Micron-scale robots (ubots) have recently shown great promise for emerging medical applications, and accurate control of ubots is a critical next step to deploying them in real systems. In this work, we develop the idea of a nonlinear mismatch controller to compensate for the mismatch between the disturbed unicycle model of a rolling ubot and trajectory data collected during an experiment. We exploit the differential flatness property of the rolling ubot model to generate a mapping from the desired state trajectory to nominal control actions. Due to model mismatch and parameter estimation error, the nominal control actions will not exactly reproduce the desired state trajectory. We employ a Gaussian Process (GP) to learn the model mismatch as a function of the desired control actions, and correct the nominal control actions using a least-squares optimization. We demonstrate the performance of our online learning algorithm in simulation, where we show that the model mismatch makes some desired states unreachable. Finally, we validate our approach in an experiment and show that the error metrics are reduced by up to 40%.
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学习数据的动态系统属性提供了重要的见解,帮助我们了解此类系统并减轻不良结果。在这项工作中,我们提出了一种从数据的正式逻辑规范学习时空时间(ST)属性的框架。我们介绍SVM-STL,信号信号时间逻辑(STL)的扩展,能够指定具有呈现时变空间模式的各种动态系统的空间和时间特性。我们的框架利用机器学习技术从空间模式序列给出的系统执行中学习SVM-STL规范。我们提供了处理标记和未标记数据的方法。此外,给定的系统要求以SVM-STL规范的形式,我们提供了一种参数合成方法,以找到最大化此类规格满意度的参数。我们的学习框架和参数合成方法在反应扩散系统的示例中展示。
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This paper describes Tacotron 2, a neural network architecture for speech synthesis directly from text. The system is composed of a recurrent sequence-to-sequence feature prediction network that maps character embeddings to mel-scale spectrograms, followed by a modified WaveNet model acting as a vocoder to synthesize time-domain waveforms from those spectrograms. Our model achieves a mean opinion score (MOS) of 4.53 comparable to a MOS of 4.58 for professionally recorded speech. To validate our design choices, we present ablation studies of key components of our system and evaluate the impact of using mel spectrograms as the conditioning input to WaveNet instead of linguistic, duration, and F0 features. We further show that using this compact acoustic intermediate representation allows for a significant reduction in the size of the WaveNet architecture.
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Convolutional Neural Networks (CNNs) have proven very effective in image classification and show promise for audio. We use various CNN architectures to classify the soundtracks of a dataset of 70M training videos (5.24 million hours) with 30,871 video-level labels. We examine fully connected Deep Neural Networks (DNNs), AlexNet [1], VGG [2], Inception [3], and ResNet [4]. We investigate varying the size of both training set and label vocabulary, finding that analogs of the CNNs used in image classification do well on our audio classification task, and larger training and label sets help up to a point. A model using embeddings from these classifiers does much better than raw features on the Audio Set [5] Acoustic Event Detection (AED) classification task.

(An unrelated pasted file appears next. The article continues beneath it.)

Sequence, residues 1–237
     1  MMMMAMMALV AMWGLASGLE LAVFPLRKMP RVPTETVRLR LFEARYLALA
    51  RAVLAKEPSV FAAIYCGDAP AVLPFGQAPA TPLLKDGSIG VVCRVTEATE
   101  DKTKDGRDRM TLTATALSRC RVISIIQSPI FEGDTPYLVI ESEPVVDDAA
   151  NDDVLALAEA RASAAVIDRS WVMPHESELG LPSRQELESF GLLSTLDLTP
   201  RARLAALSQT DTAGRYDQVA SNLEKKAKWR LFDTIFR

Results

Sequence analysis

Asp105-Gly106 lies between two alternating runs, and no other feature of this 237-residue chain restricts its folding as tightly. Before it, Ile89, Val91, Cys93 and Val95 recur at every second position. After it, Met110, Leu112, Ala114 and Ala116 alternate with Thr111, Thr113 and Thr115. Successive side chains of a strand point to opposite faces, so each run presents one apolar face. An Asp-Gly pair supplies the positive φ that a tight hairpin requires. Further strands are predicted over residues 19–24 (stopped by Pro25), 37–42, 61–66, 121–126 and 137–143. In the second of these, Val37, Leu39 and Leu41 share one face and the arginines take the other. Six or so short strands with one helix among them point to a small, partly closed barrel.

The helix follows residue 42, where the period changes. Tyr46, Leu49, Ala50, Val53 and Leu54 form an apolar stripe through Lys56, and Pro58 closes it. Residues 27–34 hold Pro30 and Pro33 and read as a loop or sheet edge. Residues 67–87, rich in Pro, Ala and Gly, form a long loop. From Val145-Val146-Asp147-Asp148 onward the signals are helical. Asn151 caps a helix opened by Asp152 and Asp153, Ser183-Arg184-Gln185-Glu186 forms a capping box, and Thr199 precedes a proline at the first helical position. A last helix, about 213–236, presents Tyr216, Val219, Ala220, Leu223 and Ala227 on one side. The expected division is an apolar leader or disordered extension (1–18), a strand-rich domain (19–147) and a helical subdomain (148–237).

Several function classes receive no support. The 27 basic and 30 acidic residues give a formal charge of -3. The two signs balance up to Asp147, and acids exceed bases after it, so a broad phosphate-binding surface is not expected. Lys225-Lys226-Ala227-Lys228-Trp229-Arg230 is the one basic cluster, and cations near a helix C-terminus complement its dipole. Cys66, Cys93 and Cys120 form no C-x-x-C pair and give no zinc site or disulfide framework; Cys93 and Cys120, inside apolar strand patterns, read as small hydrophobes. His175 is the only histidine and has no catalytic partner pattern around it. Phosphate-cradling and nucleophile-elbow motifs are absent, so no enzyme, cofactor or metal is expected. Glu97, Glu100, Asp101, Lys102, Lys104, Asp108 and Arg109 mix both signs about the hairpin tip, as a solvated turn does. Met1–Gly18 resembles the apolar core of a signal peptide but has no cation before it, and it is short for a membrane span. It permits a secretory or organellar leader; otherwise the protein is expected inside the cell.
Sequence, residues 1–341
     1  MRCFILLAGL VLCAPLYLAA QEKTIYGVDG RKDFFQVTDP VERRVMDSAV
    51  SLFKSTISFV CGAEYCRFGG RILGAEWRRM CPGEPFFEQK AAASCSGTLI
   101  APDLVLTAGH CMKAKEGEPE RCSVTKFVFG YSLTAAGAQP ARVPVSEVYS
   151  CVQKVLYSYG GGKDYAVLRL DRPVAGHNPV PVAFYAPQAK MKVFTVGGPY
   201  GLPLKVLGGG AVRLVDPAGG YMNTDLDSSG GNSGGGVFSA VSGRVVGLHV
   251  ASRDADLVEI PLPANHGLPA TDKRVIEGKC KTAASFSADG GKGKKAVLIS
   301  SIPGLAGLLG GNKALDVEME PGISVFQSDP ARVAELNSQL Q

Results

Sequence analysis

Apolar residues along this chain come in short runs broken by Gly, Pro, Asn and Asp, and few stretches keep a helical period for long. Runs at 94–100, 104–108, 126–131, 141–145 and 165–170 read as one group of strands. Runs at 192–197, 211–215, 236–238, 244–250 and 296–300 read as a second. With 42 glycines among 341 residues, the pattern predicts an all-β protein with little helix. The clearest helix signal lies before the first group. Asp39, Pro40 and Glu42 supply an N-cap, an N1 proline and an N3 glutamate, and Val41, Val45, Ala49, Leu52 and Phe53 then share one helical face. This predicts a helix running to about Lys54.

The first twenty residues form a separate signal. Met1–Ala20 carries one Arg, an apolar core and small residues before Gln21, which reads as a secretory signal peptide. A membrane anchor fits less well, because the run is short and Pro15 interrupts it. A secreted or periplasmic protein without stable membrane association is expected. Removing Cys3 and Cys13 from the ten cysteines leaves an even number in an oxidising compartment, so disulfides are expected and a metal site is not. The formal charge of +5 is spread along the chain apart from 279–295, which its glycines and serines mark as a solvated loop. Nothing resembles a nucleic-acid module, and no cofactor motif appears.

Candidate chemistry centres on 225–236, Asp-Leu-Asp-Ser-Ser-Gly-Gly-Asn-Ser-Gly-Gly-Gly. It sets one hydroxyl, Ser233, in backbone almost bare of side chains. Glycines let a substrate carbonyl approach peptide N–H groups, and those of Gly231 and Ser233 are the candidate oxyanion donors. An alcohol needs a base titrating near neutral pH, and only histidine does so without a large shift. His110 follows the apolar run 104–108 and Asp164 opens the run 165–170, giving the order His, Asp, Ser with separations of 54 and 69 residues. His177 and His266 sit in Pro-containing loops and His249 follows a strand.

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Neural Representations have recently been shown to effectively reconstruct a wide range of signals from 3D meshes and shapes to images and videos. We show that, when adapted correctly, neural representations can be used to directly represent the weights of a pre-trained convolutional neural network, resulting in a Neural Representation for Neural Networks (NeRN). Inspired by coordinate inputs of previous neural representation methods, we assign a coordinate to each convolutional kernel in our network based on its position in the architecture, and optimize a predictor network to map coordinates to their corresponding weights. Similarly to the spatial smoothness of visual scenes, we show that incorporating a smoothness constraint over the original network's weights aids NeRN towards a better reconstruction. In addition, since slight perturbations in pre-trained model weights can result in a considerable accuracy loss, we employ techniques from the field of knowledge distillation to stabilize the learning process. We demonstrate the effectiveness of NeRN in reconstructing widely used architectures on CIFAR-10, CIFAR-100, and ImageNet. Finally, we present two applications using NeRN, demonstrating the capabilities of the learned representations.
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Deep Neural Networks (DNN) are increasingly used as components of larger software systems that need to process complex data, such as images, written texts, audio/video signals. DNN predictions cannot be assumed to be always correct for several reasons, among which the huge input space that is dealt with, the ambiguity of some inputs data, as well as the intrinsic properties of learning algorithms, which can provide only statistical warranties. Hence, developers have to cope with some residual error probability. An architectural pattern commonly adopted to manage failure-prone components is the supervisor, an additional component that can estimate the reliability of the predictions made by untrusted (e.g., DNN) components and can activate an automated healing procedure when these are likely to fail, ensuring that the Deep Learning based System (DLS) does not cause damages, despite its main functionality being suspended. In this paper, we consider DLS that implement a supervisor by means of uncertainty estimation. After overviewing the main approaches to uncertainty estimation and discussing their pros and cons, we motivate the need for a specific empirical assessment method that can deal with the experimental setting in which supervisors are used, where the accuracy of the DNN matters only as long as the supervisor lets the DLS continue to operate. Then we present a large empirical study conducted to compare the alternative approaches to uncertainty estimation. We distilled a set of guidelines for developers that are useful to incorporate a supervisor based on uncertainty monitoring into a DLS.